The advice for the general public is not to touch any stranded animal: inform the relevant authorities. If contact with any animal is unavoidable please follow these guidelines for your own safety.
Live animals may cause injury through biting or thrashing about. They may also produce contaminated fluids (e.g. from the blow hole). Ideally, expert assistance should be present.
Small cuts and abrasions to the skin should be kept covered with secure waterproof dressing as as a precaution. After contact, exposed skin should be washed thoroughly before eating and drinking.
Gloves, masks, overalls, waterproof aprons and wellington boots should be worn as appropriate.
Avoid spray contaminated with the animal's bodily fluids which may be accidentally ingested or inhaled.
All protective clothing should be washed thoroughly after use if it is to be kept.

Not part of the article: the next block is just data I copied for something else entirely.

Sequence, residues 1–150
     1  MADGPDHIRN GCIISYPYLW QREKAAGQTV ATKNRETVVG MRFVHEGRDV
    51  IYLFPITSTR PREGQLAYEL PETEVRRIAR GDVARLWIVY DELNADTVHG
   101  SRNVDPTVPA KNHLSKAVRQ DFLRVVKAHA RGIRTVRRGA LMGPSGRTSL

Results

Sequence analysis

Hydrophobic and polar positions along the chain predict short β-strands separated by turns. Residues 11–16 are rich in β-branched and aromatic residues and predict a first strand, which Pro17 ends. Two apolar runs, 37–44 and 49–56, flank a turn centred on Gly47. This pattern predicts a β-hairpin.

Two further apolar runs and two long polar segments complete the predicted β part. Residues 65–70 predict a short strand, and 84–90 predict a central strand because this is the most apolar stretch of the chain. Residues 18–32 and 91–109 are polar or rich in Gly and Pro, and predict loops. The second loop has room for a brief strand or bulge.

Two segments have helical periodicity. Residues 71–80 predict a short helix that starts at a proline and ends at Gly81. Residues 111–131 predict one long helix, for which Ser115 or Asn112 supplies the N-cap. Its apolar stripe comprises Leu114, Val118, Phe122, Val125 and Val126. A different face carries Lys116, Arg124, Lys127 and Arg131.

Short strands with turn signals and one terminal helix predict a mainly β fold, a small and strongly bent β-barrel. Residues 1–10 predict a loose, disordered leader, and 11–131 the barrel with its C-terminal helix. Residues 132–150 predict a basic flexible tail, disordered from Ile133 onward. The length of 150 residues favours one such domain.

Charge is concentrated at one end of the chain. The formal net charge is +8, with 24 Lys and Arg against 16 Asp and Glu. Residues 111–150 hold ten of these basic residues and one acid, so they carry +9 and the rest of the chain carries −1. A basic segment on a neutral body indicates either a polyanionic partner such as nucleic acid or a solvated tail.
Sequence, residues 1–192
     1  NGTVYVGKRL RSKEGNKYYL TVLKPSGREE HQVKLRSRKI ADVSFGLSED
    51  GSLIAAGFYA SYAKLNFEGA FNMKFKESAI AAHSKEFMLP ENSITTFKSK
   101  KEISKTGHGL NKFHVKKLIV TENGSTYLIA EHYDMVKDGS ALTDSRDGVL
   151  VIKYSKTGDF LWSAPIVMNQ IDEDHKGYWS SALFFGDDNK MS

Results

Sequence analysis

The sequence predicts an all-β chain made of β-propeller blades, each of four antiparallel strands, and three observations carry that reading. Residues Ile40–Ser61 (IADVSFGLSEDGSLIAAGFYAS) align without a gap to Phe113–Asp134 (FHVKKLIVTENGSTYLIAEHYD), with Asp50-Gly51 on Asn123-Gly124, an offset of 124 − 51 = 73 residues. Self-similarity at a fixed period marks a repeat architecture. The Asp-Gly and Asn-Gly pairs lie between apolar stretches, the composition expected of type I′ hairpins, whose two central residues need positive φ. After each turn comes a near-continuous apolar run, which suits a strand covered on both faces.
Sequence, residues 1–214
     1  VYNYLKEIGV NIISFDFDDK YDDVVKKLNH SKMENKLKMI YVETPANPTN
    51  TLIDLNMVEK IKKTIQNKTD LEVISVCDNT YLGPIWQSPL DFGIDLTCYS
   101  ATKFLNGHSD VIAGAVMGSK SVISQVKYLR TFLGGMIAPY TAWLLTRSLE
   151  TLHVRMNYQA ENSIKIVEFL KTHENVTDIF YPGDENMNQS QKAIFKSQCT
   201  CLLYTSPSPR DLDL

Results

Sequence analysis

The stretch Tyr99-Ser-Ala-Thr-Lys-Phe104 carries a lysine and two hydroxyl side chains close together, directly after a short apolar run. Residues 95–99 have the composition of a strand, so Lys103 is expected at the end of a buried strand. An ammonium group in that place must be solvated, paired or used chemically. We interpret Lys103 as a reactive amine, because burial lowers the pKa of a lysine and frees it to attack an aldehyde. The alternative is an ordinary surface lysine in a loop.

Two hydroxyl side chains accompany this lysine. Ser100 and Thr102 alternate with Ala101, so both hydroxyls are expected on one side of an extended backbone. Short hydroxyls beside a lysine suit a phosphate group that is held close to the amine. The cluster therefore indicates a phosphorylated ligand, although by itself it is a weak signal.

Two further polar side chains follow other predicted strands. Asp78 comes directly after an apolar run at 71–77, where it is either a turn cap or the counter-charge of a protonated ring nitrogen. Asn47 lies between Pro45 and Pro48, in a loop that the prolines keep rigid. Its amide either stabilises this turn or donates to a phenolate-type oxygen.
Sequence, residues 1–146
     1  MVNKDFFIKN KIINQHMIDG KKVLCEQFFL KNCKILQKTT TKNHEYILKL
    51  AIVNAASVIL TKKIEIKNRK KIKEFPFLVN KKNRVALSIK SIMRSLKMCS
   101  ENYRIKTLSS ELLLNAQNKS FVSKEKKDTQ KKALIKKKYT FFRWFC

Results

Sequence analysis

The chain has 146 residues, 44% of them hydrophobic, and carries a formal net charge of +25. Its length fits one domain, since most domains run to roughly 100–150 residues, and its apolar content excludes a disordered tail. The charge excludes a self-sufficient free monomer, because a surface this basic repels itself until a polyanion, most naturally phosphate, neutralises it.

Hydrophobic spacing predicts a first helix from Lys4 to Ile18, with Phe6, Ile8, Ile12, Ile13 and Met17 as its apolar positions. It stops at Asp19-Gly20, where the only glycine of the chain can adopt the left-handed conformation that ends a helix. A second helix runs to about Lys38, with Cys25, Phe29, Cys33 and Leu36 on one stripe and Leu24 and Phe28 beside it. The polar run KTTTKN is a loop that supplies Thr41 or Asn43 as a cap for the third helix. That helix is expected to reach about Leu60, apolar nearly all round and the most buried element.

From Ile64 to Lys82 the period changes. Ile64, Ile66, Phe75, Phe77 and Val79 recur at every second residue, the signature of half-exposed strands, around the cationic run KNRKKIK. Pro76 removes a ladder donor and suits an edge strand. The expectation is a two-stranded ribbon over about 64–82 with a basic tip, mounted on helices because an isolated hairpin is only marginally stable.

If you are injured during contact or become ill following contact seek medical advice as soon as possible. Informing you doctor that you have been in contact with a stranded animal. Cuts and grazes should be washed, disinfected, and dressed.
A 52 ft male sperm whale stranded at Atwick, Humberside in Dec 1993.
Strandings can occur in secluded areas of the coast and the terrain can be very uneven or loose. Before you approach a stranded animal, be sure to check:
Disposal of the carcass should be left to the relevant authorities. This may be the responsibility of the local Council or it may fall to the Receiver of Wrecks and aides. Disposal may involve simple burial or, at the other extreme, incineration after isolation.